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Neiweipi Reservoir was once connected with the Northern Kaohsiung Water Storage Pond, and the area then consisted of a large expanse of water and wetlands. This body of water was linked with Lienchih Lake to the north, and a canal led south to the winding Love River. Mt. Chai screened Neiweipi to the west. Several thousand years ago, when the area was covered by a lagoon connected with the sea, the Makadao Tribe, a branch of the Pingpu aborigines, lived in Dagou Village by the Lagoon. After the Chinese settled in Taiwan, they established a village to south of the wetlands, and the built a stone wall around their settlement to defend them selves. The name "Neiweipi" is derived from this defended village.

There was once a time when Neiweipi's taro, water caltrops, and lotus roots were famous thoughout the Kaohsiung area. After spring thunder has awakened all the hibernating creatures, spring rains patter on the taro leaves, the breeze stirs the lotuses, and frogs call throughout the night. In summer, after a brief afternoon thundershower, white egrets elegantly sit on the backs of water buffalo in the marsh, completing a poetic image framed by a distant rainbow. The farmers hurry to harvest the lotus seeds and water caltrops in the fall, and birds escaping the northern cold start arriving with the approach of winter. Neiweipi has always been a great spot for birding.
Industry came to Neiweipi in the days when Taiwan was beginning its economic takeoff. An ironworks and a plywood factory were built close to each other, and the pond provided them with a water supply. When the Kaohsiung Museum of Fine Arts' opening ceremony was held in 1990, Neiweipi had almost been completely filled with industrial waste. Neiweipi Cultural Park today encompasses 34 hectares of land bounded by Meishu east second Road, Meishuguan Road, Makadao Road, and Mingcheng Road. It contains the museum area, a lakeside area, a sculpture park, a nature park, a children' art museum, and an experimental contemporary art space. Neiweipi now offers scenery, nature, and art. Besides being a favorite spot of Kaohsiung residents, it has earned recognition as one of finest art and culture parks in the nation.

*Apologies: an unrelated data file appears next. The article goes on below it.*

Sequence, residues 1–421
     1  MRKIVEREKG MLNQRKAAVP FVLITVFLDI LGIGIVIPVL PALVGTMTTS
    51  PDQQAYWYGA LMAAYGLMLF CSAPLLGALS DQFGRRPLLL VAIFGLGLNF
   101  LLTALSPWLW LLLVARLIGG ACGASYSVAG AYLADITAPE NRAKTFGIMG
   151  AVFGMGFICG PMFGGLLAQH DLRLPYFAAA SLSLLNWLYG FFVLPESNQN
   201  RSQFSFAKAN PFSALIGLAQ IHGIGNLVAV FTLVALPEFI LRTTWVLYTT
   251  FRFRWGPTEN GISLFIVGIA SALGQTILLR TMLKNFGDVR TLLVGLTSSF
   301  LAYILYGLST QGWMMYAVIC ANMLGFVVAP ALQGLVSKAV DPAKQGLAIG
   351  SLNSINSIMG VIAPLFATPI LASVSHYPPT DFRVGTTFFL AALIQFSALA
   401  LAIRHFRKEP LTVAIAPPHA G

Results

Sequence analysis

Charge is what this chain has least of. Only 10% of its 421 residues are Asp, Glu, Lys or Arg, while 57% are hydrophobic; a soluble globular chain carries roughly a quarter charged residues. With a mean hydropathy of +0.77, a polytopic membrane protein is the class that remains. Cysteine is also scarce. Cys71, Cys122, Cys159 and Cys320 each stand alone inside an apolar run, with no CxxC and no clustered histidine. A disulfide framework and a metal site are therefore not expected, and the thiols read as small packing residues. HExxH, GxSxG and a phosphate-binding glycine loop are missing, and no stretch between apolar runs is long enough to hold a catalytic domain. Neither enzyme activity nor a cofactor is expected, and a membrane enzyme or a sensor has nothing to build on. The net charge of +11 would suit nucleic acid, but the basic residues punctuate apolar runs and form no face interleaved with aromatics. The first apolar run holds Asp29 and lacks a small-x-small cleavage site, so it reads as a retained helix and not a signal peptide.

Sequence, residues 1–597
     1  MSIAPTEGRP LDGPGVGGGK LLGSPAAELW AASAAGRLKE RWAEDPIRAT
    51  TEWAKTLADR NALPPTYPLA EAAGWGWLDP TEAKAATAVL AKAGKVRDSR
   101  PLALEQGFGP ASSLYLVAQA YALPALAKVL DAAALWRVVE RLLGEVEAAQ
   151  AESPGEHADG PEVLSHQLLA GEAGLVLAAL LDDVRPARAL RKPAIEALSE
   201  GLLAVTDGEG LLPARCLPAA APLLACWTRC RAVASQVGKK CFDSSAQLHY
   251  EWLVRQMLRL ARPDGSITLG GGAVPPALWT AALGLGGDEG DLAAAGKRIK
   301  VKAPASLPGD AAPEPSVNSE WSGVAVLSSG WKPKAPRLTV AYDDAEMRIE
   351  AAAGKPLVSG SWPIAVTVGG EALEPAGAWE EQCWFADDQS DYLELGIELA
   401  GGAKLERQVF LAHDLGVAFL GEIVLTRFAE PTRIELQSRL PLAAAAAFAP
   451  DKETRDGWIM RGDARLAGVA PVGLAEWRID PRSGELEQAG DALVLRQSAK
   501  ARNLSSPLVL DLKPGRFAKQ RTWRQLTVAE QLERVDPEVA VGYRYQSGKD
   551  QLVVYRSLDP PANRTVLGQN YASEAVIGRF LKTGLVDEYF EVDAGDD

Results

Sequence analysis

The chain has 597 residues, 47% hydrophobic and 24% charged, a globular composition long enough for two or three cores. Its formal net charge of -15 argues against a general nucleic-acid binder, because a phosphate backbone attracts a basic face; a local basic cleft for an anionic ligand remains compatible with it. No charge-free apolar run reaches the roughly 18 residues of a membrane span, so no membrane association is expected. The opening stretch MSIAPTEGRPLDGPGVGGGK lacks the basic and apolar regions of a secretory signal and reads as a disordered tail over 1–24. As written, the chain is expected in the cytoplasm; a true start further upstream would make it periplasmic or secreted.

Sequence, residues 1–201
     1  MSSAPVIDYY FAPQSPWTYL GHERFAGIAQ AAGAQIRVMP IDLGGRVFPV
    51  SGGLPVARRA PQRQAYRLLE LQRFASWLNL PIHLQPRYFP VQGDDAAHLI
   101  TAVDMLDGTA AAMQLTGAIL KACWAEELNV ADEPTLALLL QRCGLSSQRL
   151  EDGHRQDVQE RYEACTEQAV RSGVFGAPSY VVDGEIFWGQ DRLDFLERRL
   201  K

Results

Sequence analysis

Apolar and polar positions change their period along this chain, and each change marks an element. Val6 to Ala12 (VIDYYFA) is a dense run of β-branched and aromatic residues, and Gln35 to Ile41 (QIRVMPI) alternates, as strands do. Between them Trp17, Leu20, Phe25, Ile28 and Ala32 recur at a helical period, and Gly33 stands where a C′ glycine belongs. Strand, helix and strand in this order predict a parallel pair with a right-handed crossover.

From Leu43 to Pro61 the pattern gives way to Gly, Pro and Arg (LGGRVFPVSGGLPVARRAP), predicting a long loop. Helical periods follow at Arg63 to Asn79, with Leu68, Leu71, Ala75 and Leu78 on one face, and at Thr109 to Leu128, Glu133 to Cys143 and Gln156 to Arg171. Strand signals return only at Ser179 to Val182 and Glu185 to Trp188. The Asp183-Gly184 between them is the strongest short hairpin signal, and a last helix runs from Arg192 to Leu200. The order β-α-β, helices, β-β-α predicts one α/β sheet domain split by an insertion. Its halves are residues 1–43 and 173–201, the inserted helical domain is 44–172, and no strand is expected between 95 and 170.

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The Museum Address: 80 Meishuguan Road, Kaohsiung, Taiwan, R.O.C.
The Children Museum of Art Address: 330 Makadao Road, Kaohsiung, Taiwan, R.O.C.
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